"An Institutional Marker for STM"

New scholarship is established for pastoral counseling students

McNairKidder_Main
Story by: Tina Potterf
Published: 2012-11-19

When the Rev. Clinton McNair, left, was putting the foundation in place for a master's level pastoral counseling program at Seattle University's School of Theology and Ministry, he sought out the knowledge of Rev. Eugene Kidder.

Eugene Kidder, right, a graduate of the Yale University Divinity School and the University of Washington, is a highly regarded pastor and counselor in the Seattle area. Today, along with his wife Barbara, Kidder does counseling in private practice. In the early 1960s, he was one of only two pastoral counselors in Seattle.

To this day, McNair draws from the wisdom Kidder imparted on him during that first meeting before the launch of SU's program in 2006.

"He spoke of the challenges of starting a program like this and how he would meet those challenges," says McNair, who directs STM's program. "He gave me the confidence that I can do this. …I left there that day and began to put the pieces into place. When I thought I would go under I would see Gene's face and it kept me going."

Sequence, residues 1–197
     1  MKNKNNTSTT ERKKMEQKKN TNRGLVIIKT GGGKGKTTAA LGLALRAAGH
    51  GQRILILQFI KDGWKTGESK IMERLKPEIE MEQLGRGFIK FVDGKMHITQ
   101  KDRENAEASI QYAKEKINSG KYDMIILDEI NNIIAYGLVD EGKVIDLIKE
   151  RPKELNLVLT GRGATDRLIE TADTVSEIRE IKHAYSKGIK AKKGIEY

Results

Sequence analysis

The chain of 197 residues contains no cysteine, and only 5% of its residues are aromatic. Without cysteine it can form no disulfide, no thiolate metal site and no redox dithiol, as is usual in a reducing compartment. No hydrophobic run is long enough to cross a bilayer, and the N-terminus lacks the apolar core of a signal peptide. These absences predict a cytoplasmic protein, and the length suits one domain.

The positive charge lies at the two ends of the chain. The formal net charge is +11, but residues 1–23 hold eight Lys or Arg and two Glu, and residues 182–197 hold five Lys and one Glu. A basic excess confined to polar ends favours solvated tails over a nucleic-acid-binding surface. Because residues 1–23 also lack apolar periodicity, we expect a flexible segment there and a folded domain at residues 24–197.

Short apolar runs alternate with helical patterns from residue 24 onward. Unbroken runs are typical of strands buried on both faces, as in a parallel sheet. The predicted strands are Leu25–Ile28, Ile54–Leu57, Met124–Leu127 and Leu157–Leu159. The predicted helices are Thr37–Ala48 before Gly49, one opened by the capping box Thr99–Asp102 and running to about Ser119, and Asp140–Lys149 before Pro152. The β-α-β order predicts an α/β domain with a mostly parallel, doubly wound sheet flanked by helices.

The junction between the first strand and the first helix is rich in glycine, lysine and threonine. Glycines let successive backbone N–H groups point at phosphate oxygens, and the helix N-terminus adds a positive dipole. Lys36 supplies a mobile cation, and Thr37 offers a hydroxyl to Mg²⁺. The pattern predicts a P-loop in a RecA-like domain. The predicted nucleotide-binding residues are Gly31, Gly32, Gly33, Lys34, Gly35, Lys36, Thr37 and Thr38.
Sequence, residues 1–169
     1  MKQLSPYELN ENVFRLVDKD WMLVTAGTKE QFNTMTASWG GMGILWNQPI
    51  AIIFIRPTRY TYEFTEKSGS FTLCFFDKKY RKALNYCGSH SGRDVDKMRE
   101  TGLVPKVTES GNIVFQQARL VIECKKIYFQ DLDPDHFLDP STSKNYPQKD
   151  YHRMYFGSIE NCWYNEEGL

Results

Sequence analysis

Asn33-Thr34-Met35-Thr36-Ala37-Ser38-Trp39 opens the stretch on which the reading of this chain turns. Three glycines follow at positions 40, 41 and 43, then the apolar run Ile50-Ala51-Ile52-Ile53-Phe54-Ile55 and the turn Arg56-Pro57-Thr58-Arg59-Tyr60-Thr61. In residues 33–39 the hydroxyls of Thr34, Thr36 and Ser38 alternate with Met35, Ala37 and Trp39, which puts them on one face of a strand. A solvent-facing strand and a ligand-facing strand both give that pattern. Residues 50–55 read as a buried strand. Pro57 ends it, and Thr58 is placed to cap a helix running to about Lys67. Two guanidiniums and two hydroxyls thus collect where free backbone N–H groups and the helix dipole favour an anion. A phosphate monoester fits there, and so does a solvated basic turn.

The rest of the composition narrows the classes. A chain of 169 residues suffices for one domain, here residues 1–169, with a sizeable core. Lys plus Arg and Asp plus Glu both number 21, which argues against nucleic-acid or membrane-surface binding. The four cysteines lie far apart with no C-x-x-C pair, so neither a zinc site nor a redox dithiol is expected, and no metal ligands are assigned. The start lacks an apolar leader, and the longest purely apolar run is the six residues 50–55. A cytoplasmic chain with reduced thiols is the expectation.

In his mentor's honor, McNair initiated a new endowed scholarship to be awarded to incoming students who pursue a master's degree in pastoral counseling. The Reverend Eugene Kidder Pastoral Counseling Endowed Scholarship aims to support the work of future pastoral counselors who follow in Kidder's footsteps.

"With this scholarship, we want students to go out across the world and do this work so Dr. Kidder's work lives on," says McNair. "I could think of no one to name it after other than Eugene because of his pioneering work."

Kidder's work as a pastoral counselor has proven to be a guide for many who seek to merge and integrate spiritual values with the behavioral sciences. His methods fit with the mission of STM's program: "Central to pastoral counseling is the conviction that mental and emotional illness are best met by incorporating both the wisdom of religious teachings and the knowledge and skills of the human behavioral sciences."

The establishment of this endowed scholarship is an "institutional marker for STM," noted Dean Mark Markuly at an event announcing the scholarship. "We now have a student scholarship program for each of our five-degree programs at our school. These institutional moments of maturity are essential to the growth of any organization."


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